Ten years ago, I went to live in Greece. I knew I would love living in a culture where everyone dances, and so it turned out. I also loved the generosity, hospitality, connection, mutual support, and positivity embodied by the dance, a set of values which goes back thousands of years to Old European culture as articulated by Marija Gimbutas, Carol P. Christ, and Riane Eisler. When the economic crisis struck in 2008, I saw firsthand how Greek people used these values to help each other survive.
On Sunday, Jan 25th, 2015, the Greek people decisively voted into power the anti-austerity party Syriza (SEER-ih-zah), after six years of intense suffering under brutal austerity measures imposed by the IMF, the EU and the European Central Bank.
These three powers together are known as the ‘troika’. The austerity measures required by them in return for the so-called ‘bailout’ loans have been devastating, causing soaring rates of poverty, hunger, unemployment, sickness, and suicide. Times are harder in Greece than in the US during the Great Depression, though you won’t hear the details in the mainstream media. And the cost of this humanitarian crisis is not being counted by anyone.
Here’s what you need to know: those suffering are not the ones responsible for the Greek economic crisis. Those responsible, those who emptied state coffers into their own pockets, are not only not suffering, they are continuing to profit from the situation. While more than three million people – a third of the population – have been traumatically plunged into deep poverty, the rich in Greece have been getting richer – just as in the US and the UK.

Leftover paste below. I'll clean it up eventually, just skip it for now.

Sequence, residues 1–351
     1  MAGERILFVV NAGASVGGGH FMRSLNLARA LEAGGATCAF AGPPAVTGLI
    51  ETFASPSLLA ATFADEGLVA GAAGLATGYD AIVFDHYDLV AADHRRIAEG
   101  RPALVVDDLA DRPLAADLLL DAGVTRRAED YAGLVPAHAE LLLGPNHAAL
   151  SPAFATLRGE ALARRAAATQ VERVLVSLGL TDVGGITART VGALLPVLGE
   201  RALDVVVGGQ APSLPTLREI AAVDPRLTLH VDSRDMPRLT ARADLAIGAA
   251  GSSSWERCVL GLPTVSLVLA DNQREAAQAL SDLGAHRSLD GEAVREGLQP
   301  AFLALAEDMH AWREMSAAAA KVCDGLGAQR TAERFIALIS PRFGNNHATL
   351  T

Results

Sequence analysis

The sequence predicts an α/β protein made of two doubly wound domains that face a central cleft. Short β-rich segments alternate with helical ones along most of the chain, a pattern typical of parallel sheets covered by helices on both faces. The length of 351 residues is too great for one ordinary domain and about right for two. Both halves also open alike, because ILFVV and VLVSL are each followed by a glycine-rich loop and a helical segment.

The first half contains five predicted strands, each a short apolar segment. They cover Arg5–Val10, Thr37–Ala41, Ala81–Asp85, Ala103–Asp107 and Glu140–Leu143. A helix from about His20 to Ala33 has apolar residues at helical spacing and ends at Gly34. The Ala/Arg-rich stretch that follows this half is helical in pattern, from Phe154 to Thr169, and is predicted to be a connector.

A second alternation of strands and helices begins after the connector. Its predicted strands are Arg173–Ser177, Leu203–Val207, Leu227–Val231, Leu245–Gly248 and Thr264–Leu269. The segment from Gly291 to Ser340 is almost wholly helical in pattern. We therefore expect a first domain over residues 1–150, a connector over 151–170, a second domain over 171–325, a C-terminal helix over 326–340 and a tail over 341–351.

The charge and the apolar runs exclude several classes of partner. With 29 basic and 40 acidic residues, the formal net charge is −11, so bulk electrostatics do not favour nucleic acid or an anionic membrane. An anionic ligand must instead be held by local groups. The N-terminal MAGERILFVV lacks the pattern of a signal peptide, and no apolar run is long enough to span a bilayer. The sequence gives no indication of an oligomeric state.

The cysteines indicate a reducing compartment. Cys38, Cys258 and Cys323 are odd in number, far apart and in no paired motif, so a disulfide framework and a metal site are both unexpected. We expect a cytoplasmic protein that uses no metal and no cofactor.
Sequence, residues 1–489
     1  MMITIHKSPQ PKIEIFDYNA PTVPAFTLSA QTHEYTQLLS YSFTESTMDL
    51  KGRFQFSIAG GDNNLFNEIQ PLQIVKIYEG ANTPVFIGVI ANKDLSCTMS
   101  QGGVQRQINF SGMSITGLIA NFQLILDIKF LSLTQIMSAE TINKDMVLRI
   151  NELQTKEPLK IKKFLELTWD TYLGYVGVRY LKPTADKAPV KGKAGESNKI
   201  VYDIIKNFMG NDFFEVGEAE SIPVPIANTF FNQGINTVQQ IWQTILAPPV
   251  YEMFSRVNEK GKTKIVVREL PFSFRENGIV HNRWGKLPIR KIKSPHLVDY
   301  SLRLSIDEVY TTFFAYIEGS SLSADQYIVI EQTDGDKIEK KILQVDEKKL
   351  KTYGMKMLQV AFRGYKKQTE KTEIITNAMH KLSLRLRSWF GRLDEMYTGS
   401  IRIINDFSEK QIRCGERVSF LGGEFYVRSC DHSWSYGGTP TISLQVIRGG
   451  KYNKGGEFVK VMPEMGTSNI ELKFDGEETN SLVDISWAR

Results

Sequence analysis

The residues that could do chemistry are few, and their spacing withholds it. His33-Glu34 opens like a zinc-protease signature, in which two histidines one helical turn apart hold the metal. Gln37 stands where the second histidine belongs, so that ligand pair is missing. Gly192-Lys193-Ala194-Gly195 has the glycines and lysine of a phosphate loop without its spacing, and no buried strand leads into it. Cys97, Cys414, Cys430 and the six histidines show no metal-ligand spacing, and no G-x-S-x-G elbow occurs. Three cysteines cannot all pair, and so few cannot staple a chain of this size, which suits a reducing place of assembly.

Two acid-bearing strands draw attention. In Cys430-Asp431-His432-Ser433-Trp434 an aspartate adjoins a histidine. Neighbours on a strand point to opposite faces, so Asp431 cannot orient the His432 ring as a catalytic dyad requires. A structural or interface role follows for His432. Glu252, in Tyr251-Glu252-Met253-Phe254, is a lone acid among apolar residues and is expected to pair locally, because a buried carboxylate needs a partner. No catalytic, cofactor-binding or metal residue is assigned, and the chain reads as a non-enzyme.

Despite inaccurate scare-mongering in the European media, Greece does not wish to default on its debt, nor does it wish to leave the euro. But the troika’s programme of loans, with ever-increasing interest payments, is only throwing the country deeper and deeper into debt. The debt is now a larger percentage of the Greek GDP than it was before the crisis, and none of the loans benefit Greek society anyway.
Austerity doesn’t work. The experiment has failed. This concerns us all, because Brussels and Germany want the same brutal cuts which have destroyed the Greek economy to be applied to other EU nations. The UK government also favours austerity: social cuts for the 99%, tax cuts for the 1%.
The current debt repayment plan is simply not sustainable, and the new Greek finance minister, Yanis Varoufakis, has the guts to say so. Greece is asking to renegotiate the terms of the loans – to have more time, since there is simply no money to pay. Until now, the ‘solution’ has been to borrow more money just to pay the interest on the previous loans – that’s how Greece fell into the crippling debt spiral in the first place.
Varoufakis has likened Greece’s debt situation to a drug addict needing ever-increasing amounts of the substance – in this case, cash. The desperate need for money has led to a staggering programme of privatisations, liquidating Greek resources for a short-term cash fix which only worsens the problem.
Here’s what Varoufakis said about this in his interview on BBC Newsnight on 31 January: ‘The privatisations that have been pursued in the last five years have been a kind of fire sale in the middle of a deflationary process, where assets that are potentially very valuable to this nation are being sold off for peanuts, and even those peanuts are being thrown into a black hole of unsustainable debt.’
The new Greek government wants to break this addiction to debt. They are naming and challenging the whole unsustainable system and seeking a new way to benefit everyone.